This all changed after the Second World War, after the horrors of the Holocaust were more widely known among the international community. Prior to the War, Jews sailing aboard the St. Louis departed from Hamburg, Germany for Havana, Cuba in the hopes of being welcomed in by the United States or Canada. Neither allowed these refugees safe passage, and many, when returned to Europe, we then killed in the Holocaust. This failure of the international system to help people in need catalyzed a desire to do better after the War (for more on the St. Louis, click here).
After the War, in a broader interest to facilitate diplomacy through reciprocity rather than statecraft through dominance, various institutions were created that would facilitate conversation between allies and adversaries. One of those institutions was the United Nations, and a few years after its creation a group from the international community created the United Nations Declaration of Human Rights. Internal to that Declaration was Article 14, stating that “everyone has the right to seek and enjoy in other countries asylum from persecution.” As a signatory to the 1967 Protocol on Refugees, the United States has a legal obligation to have a process for helping those fleeing persecution.
How is the Process Supposed to Work versus How It Really Works?
In a perfectly ideal setting, the individual fleeing persecution would arrive at a United States Port of Entry with all of his/her identification paperwork, evidence of the persecution happening back home, and they will have somewhere to go inside the United States. Once processed by the Customs and Border Protection (CBP) and United States Citizenship and Immigration Services (USCIS), that person would be released into the United States to live and work until his/her asylum case was fully heard by a judge.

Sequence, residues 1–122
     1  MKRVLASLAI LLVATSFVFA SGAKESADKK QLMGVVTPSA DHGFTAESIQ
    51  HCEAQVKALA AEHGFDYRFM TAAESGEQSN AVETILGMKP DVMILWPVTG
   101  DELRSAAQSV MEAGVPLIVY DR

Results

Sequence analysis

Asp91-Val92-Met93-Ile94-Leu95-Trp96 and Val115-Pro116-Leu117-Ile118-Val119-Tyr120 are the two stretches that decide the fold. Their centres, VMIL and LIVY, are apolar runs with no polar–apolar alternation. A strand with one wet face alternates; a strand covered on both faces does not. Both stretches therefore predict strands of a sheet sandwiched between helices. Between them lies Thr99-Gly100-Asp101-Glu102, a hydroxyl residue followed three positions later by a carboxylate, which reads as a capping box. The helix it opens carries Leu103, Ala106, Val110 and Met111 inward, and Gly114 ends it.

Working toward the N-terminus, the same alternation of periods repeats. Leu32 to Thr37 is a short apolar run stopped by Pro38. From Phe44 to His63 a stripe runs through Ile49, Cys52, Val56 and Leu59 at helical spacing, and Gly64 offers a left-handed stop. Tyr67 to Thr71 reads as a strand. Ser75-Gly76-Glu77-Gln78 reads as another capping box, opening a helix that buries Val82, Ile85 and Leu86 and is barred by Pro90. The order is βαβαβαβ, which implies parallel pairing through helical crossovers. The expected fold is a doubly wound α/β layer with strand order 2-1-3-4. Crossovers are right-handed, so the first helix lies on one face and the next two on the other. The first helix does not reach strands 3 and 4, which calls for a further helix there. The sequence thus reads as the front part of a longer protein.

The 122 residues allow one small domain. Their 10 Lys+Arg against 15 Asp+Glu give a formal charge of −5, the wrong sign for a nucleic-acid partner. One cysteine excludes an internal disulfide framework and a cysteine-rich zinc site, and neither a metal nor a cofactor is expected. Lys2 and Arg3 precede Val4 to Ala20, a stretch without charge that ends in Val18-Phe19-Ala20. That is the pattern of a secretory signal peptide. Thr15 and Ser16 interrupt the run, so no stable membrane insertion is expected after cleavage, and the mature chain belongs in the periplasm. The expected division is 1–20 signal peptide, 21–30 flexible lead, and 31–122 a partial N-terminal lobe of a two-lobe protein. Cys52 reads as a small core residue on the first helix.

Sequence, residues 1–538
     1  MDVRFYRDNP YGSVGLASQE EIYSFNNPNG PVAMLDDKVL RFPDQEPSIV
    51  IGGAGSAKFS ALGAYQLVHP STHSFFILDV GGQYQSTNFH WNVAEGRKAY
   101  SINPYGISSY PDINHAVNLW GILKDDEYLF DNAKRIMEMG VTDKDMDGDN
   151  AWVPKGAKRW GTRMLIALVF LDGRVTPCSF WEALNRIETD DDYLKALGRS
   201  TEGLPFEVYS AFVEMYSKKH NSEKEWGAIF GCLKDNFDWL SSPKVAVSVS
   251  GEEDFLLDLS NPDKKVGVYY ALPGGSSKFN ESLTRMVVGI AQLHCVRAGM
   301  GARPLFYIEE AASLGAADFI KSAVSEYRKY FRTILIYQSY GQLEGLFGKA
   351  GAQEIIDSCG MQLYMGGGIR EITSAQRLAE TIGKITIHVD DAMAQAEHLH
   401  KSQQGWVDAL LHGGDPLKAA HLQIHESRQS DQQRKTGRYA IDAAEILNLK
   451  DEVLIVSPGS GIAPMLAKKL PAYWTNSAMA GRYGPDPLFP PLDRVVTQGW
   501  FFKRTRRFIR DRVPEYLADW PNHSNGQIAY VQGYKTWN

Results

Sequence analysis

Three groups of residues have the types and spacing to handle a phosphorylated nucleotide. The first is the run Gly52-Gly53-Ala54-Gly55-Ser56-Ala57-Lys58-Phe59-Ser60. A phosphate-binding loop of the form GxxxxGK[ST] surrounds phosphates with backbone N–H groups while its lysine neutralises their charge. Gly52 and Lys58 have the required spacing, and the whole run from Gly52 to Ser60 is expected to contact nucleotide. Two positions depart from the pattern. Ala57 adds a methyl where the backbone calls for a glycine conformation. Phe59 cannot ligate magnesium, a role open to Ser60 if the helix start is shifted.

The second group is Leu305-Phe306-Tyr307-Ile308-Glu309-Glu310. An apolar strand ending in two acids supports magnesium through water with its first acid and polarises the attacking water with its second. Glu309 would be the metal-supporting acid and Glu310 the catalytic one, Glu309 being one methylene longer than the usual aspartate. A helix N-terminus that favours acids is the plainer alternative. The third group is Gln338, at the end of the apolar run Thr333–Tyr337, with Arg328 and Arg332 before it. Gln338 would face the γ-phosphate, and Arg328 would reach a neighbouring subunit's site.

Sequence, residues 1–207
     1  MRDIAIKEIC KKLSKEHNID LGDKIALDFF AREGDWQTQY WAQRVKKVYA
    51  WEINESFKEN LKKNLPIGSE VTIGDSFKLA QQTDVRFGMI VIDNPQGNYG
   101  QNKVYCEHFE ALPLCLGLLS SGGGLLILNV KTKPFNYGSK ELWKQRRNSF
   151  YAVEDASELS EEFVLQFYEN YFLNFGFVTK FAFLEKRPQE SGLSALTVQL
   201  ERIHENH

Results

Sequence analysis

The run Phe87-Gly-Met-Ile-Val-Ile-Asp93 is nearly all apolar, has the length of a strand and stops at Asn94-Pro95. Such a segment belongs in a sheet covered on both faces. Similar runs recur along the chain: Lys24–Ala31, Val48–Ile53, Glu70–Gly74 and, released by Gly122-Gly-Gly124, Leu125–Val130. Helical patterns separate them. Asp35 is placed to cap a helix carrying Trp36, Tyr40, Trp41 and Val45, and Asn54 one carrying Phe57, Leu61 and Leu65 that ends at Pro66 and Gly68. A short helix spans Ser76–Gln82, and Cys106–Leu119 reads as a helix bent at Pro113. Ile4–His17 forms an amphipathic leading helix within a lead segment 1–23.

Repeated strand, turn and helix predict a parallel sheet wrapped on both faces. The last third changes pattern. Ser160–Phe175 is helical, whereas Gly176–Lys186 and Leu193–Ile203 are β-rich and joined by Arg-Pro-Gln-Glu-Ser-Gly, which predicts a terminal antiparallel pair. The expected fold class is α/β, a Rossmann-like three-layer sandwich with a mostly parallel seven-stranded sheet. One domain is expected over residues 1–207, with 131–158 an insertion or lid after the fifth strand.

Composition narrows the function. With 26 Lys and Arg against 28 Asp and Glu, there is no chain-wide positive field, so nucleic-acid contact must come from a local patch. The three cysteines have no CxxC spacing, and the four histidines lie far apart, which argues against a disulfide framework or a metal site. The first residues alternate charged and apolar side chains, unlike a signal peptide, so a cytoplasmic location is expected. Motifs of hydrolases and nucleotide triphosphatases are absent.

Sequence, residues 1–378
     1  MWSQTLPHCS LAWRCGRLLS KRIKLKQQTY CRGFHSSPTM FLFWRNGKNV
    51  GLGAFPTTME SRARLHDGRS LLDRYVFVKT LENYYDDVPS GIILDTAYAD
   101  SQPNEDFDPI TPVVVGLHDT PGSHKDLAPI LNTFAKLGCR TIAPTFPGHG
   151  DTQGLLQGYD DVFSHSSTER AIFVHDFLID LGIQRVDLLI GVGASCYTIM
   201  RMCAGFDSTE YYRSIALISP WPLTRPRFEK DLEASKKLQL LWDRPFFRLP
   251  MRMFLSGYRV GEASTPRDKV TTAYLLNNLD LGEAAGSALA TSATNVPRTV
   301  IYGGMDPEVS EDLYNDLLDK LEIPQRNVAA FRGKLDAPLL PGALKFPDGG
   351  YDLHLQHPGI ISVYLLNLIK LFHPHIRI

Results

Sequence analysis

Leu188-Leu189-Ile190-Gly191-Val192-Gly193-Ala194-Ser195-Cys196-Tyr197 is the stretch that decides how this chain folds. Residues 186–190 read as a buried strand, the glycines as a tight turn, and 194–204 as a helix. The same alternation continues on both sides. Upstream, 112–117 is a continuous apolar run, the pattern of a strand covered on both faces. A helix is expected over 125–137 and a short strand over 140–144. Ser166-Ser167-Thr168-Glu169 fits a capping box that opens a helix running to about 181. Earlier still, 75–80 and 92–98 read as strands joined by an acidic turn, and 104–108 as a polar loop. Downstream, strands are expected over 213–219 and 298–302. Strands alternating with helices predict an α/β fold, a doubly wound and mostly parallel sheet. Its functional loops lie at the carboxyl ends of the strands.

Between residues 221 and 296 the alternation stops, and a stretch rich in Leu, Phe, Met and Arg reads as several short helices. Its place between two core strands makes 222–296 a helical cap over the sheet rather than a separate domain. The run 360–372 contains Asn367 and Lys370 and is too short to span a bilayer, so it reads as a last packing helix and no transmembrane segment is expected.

In reality, the process is much more complicated, and seldom do people who are fleeing persecution arrive with everything perfectly organized and present. Check out this incredible infographic describing how the process really works. Needless to say, it’s complicated.
With this incredibly complicated system in place, many asylum seekers who are need of protection are not receiving that protection needed. This is a result of policy failure in the United States, stemming from immigration dysfunction in the United States.
Asylum Claims found credible
Asylum Cases Before the Judge
For a fuller description of the asylum process, including the political and economic dimensions of this system, please request a full presentation.
Sources to Learn More About Asylum:
Asylum in the United States. (2018, March 14). Retrieved from https://www.americanimmigrationcouncil.org/research/asylum-united-states
The Separation of Families at the Border and Asylum Law in the United States [Audio blog interview]. (2018, June 19). Retrieved from https://www.globaldispatchespodcast.com/the-separation-of-families-at-the-border-and-asylum-law-in-the-united-states/
Seeking Asylum in the United States [Audio blog interview]. (2018, October 31). Retrieved from https://immigrationnation.libsyn.com/seeking-asylum-in-the-united-states
Asylum Seekers & Refugees. (n.d.). Retrieved from https://www.immigrantjustice.org/issues/asylum-seekers-refugees
Human Rights Watch. (2016, April 25). US: 20 Years of Immigrant Abuses. Retrieved from https://www.hrw.org/news/2016/04/25/us-20-years-immigrant-abuses
Immigration Equality. (n.d.). 9. Immigration Basics: Real ID Act. Retrieved from https://www.immigrationequality.org/get-legal-help/our-legal-resources/immigration-equality-asylum-manual/immigration-basics-real-id-act/#.XJoloraZPq0
Patterson, A., & Lawfare. (2019, February 14). Department of Homeland Security Releases Its 'Remain in Mexico' Plan. Retrieved from https://www.lawfareblog.com/department-homeland-security-releases-its-remain-mexico-plan